It started at Stamford Bridge last Saturday, where Ruben Loftus-Cheek did not. For the fourth time in seven Premier League games, the midfielder did not even make Chelsea’s bench as they hosted Liverpool.
Jorginho, Mateo Kovacic and N’Golo Kante promptly rubbed salt in the open wound. That triptych was excellent, harrying and hassling, probing and passing, setting the sort of standard that Maurizio Sarri demands from an area so crucial to his system.
By Thursday, Loftus-Cheek must have been recounting his steps, trying to figure out whether he had walked under a ladder while smashing a handful of mirrors. The news that he had been omitted from Gareth Southgate’s England squad was compounded by a miserable Europa League showing against Vidi FC.
“He’s a great player from the technical point of view, and from the physical point of view,” Sarri noted after that game, Loftus-Cheek having been substituted early in his first start of the season. “But he has to improve from a tactical point of view. I want more from the tactical point of view because we conceded three or four counter-attacks to the opponent. We have to do better, especially in this case with the midfielders.”
Two out of three might not have been all that bad for Meatloaf, but Sarri is not quite as forgiving when it comes to coaching. He has the most impressive midfield options of any Premier League side by far, so has no need to lower the bar. Instead, the onus is on these players to clear it.
Loftus-Cheek is failing at that task more than anyone else – and his decision not to speak to the press after the Vidi victory implies that the penny has dropped. There is sympathy for a player who impressed both for Crystal Palace last season and at this summer’s World Cup, but the 22-year-old is now drowning in Chelsea’s deep midfield talent pool.
Southgate’s explanation for dropping a player so important to England’s semi-final run was simple: “Ruben has been missing.” And he was again nowhere to be seen at Southampton, where Chelsea temporarily headed to the top of the Premier League table once more.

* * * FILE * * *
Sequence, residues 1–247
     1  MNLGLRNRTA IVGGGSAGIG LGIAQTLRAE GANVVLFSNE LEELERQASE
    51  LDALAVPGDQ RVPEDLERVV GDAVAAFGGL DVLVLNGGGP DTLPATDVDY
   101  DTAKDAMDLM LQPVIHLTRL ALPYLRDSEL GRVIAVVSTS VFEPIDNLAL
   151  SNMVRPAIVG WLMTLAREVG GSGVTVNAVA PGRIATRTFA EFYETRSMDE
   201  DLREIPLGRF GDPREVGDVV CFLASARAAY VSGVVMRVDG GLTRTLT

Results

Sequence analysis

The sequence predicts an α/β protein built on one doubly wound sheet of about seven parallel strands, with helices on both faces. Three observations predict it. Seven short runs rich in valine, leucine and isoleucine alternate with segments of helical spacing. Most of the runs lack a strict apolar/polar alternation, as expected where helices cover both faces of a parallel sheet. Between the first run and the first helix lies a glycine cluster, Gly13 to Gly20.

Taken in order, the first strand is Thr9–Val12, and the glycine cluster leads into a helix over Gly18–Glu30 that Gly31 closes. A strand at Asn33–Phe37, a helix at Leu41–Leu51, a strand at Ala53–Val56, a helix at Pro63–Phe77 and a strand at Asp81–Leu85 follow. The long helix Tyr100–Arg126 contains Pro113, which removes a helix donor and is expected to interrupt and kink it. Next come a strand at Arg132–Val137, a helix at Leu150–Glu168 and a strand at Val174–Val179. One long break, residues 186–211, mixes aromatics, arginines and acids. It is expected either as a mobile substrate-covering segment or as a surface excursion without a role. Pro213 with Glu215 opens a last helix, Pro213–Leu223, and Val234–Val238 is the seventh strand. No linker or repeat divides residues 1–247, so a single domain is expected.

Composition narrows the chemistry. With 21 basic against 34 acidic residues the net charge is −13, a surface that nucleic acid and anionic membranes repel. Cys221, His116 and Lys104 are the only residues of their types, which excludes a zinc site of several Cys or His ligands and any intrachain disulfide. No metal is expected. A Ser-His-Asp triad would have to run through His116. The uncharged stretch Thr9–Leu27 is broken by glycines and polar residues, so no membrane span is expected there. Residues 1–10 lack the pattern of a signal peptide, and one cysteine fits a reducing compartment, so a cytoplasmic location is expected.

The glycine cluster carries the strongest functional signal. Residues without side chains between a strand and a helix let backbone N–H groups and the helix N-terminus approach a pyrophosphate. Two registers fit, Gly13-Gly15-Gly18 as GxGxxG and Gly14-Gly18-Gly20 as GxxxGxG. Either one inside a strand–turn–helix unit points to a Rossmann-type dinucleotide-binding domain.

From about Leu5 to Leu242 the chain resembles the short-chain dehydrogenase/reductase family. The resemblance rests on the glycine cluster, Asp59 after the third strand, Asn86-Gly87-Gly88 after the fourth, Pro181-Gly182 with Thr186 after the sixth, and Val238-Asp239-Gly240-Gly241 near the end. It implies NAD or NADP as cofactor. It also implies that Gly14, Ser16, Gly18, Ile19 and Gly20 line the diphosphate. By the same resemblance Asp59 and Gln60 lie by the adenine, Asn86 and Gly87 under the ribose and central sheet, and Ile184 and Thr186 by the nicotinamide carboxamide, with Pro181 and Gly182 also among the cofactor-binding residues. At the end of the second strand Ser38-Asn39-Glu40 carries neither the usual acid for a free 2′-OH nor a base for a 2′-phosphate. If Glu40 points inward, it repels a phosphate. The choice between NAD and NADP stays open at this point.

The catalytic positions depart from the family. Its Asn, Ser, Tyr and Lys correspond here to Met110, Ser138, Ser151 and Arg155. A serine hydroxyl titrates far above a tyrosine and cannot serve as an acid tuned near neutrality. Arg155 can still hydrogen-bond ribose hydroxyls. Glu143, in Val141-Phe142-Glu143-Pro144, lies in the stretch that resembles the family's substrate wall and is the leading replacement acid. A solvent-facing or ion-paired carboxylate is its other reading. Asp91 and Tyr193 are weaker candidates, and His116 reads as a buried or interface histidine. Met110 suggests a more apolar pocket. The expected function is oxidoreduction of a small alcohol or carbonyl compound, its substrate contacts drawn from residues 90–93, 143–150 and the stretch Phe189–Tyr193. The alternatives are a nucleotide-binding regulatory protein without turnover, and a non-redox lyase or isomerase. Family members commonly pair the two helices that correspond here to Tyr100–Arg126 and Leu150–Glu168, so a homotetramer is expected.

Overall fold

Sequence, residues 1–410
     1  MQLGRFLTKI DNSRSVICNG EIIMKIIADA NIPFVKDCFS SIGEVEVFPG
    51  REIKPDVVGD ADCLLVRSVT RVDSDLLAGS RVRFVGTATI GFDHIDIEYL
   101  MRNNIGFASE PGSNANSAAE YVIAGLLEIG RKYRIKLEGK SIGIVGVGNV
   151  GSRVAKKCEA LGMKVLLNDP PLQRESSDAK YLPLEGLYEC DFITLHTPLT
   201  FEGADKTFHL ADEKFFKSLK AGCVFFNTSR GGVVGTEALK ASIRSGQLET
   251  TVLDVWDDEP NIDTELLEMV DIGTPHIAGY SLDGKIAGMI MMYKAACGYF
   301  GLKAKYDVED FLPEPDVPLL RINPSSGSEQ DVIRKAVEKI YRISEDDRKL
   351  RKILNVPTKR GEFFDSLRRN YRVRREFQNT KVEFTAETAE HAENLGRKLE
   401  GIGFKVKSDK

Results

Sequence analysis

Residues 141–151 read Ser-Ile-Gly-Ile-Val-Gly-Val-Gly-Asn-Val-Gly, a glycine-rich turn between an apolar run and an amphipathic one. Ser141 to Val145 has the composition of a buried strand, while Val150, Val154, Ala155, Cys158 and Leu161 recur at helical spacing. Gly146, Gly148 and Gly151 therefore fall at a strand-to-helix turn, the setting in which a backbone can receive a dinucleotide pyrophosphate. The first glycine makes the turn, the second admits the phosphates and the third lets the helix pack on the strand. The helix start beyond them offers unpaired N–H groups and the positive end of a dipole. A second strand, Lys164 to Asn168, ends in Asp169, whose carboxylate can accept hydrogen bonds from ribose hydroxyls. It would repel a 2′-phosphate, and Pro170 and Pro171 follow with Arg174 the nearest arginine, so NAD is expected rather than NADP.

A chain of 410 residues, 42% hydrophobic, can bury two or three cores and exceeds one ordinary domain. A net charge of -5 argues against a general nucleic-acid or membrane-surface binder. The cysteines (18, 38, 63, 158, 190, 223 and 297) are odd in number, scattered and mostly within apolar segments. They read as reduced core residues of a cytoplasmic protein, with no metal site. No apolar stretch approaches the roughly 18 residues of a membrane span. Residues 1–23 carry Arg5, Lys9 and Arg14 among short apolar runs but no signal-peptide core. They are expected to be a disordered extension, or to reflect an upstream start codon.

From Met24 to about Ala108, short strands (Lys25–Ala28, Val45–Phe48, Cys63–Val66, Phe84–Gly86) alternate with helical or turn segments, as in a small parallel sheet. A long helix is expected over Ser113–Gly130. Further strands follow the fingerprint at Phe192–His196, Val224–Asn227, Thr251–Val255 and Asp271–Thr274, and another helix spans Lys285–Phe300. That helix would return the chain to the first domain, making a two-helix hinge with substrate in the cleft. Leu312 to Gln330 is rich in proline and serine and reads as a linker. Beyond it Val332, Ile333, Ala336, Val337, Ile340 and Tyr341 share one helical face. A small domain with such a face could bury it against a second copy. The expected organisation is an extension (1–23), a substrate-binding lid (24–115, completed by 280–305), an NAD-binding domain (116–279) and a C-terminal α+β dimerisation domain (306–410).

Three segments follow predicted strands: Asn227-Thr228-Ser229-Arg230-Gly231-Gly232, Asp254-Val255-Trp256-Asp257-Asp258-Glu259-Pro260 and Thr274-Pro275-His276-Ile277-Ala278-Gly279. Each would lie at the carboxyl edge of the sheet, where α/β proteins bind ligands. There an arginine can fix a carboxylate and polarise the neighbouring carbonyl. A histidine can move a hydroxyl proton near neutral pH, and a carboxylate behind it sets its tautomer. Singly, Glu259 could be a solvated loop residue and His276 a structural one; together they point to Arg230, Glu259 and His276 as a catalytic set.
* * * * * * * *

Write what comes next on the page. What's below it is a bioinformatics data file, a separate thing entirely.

It will have done Loftus-Cheek no favours to see one of his international replacements make such an impact at St Mary’s on Sunday. By Sarri’s own admission, Ross Barkley “needed to improve” when he was first appointed. A first Chelsea goal and assist is proof that the hard work is at least starting to pay off.
Loftus-Cheek must use Barkley as his inspiration. He was excellent going forward and in possession against Southampton, but they have always been his strengths. It is in the defensive aspect that he has improved, and that was evident with Chelsea’s opener. It was a goal of the 24-year-old’s creation, pressing and tackling Pierre-Emile Højbjerg deep in the opposition half before laying the ball into Eden Hazard’s path.
If anything, Loftus-Cheek had a headstart on Barkley this summer. While the former was playing regular football at both club and international level, things had not quite gone to plan for the latter. Barkley made two Premier League appearances for Chelsea last season: 3-0 defeats to both Bournemouth and Newcastle.
Yet while Loftus-Cheek seems to have rested on his laurels, Barkley has put in the hard miles to improve, to better himself, to respond to what his manager is asking of him. No-one expected Loftus-Cheek to keep the pace with Jorginho, Kovacic and Kante, nor perhaps even Cesc Fabregas when the Spaniard is in the picture. But to be lapped so convincingly by Barkley is embarrassing. Heading to Crystal Palace on loan was two or three steps forward, but this season has been five or six strides back.
Perhaps being dropped by England is the timely wake-up call Loftus-Cheek needed. He now has an international break, time away from the spotlight to concentrate and work on his deficiencies, having not even been selected for the Under-21 side. After a terrible week, it is time to knuckle down.